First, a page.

The present invention has further a newly added detecting circuit 14 which is coupled to an output side of the program memory, so that the circuit 14 receives read-out instruction codes one by one in the same input operation as that of the instruction decoder 12. This detecting circuit 14 has the function of detecting an unrequired code immediately when it is read out of the program memory 11 as a memory access error. This function is very important because the program memory 11 cannot sense an application of an error address which has been generated by a memory access error. The detecting circuit 14 produces a detecting signal along line 18 when the unrequired code is detected by the detecting function. As described above, since the unrequired code is an error code which is not to be read out of the program memory 11 in a normal processing mode, the processing circuit 13 should not execute an operation according to this error code.
In FIG. 1, a control circuit 15 generates a control signal along line 20 to inhibit operation of the processing circuit 13 in response to the detecting signal along line 18. In addition to or in place of the control signal along line 20 the control circuit 15 may generate a control signal along line 21 to stop the increment operation of the program counter 10. Thus the program counter 10 holds the error address therein, and therefore a cause of the error is easily resolved by examining the content of the program counter 10. Furthermore, the control circuit 15 may generate a signal along line 22 for indicating to an operator that a memory access error has occurred.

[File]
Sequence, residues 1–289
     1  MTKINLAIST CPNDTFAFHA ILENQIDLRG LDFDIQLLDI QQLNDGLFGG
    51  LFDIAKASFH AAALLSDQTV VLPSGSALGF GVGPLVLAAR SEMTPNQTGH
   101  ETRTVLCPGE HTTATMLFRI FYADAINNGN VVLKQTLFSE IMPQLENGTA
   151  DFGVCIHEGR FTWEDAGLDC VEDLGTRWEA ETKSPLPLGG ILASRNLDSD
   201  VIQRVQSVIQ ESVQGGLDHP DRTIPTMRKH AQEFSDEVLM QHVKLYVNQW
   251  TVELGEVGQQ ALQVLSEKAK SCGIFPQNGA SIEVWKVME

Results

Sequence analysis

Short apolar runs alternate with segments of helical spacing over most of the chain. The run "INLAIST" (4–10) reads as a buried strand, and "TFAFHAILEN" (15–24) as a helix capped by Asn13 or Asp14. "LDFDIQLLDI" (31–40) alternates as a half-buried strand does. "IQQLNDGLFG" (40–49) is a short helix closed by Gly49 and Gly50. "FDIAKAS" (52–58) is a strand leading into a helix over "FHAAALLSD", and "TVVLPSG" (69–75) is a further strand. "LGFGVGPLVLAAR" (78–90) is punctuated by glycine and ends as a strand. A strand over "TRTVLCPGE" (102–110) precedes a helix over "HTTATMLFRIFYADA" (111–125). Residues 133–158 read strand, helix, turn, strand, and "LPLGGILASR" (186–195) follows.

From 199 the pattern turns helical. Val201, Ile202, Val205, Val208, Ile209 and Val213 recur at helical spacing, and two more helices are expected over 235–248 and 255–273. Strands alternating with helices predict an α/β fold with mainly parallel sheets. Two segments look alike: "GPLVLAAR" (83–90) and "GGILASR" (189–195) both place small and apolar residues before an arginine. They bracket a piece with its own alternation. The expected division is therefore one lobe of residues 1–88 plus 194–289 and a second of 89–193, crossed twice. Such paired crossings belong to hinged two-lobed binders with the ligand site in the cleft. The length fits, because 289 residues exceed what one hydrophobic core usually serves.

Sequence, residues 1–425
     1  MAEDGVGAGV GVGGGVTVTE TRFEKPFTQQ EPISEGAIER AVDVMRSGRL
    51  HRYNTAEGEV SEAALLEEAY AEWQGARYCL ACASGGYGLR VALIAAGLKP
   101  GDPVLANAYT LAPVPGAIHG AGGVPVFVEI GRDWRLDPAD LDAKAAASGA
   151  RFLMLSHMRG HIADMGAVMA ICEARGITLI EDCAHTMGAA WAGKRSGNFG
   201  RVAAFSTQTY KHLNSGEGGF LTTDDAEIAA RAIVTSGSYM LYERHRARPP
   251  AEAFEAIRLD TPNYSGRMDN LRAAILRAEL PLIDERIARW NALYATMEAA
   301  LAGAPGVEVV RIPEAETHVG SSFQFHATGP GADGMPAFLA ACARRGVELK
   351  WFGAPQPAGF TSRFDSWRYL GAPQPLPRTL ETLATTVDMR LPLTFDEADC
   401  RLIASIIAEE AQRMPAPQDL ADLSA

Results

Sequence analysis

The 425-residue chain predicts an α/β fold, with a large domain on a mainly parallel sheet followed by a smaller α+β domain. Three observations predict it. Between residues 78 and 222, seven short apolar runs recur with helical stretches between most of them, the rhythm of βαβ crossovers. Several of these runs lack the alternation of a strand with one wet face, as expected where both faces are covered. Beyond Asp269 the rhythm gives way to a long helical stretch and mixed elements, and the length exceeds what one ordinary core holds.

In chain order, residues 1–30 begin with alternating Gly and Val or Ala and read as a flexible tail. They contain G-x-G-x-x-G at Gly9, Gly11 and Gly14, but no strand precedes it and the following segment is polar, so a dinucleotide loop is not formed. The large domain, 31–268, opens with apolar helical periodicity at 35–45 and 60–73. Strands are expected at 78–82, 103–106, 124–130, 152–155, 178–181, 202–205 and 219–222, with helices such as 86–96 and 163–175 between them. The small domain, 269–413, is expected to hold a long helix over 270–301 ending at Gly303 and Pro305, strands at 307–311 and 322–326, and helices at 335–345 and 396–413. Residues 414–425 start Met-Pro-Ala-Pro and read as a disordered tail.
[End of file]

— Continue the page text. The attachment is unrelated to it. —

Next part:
Now, it is assumed that the program memory 11 stores instruction codes as shown in FIG. 2 which illustrates a memory map of a program. In FIG. 2, the program memory 11 has, for example, a capacity of m bites. A LOAD instruction is set at addresses 0 through 2, an ADD instruction at an address 3, a JUDGE instruction at an addresses 4 and 5, a JUMP instruction at an address 6, a LOAD instruction at addresses 7 through 9, a JUDGE instruction at addresses n and n+1 and an END instruction at an address n+2. The remainder addresses are not used in this program, and therefor unknown codes xx . . . x are set therein.
In a normal mode, the program counter 10 sequentially generates addresses 0 through n+2 one by one in every memory access cycle. The program memory 11 receives these addresses and outputs instruction codes one byte by one byte to the instruction decoder 12. The decoder 12 decodes the read-out instruction codes and sends decoded signals to the processing circuit 13. The processing circuit 13 executes the program stored in the program memory 11 according to the decoded outputs along lines 17.
Now, when an address n+4 is erroneously generated, and is applied to the program memory 11 by a memory access error, an unknown code xxx . . . x is read out of the program memory 11, and therefore the processing circuit 13 executes an unrequired operation if the detecting circuit is not provided. However, according to the present invention, this unknown code is detected by the detecting circuit 14, and thus, the unrequired operation can be inhibited by the control signal along line 20 from the control circuit 15. Any advance of the program counter 10 may be inhibited by the control signal along line 21, and therefore the program counter 10 retains the address n+4.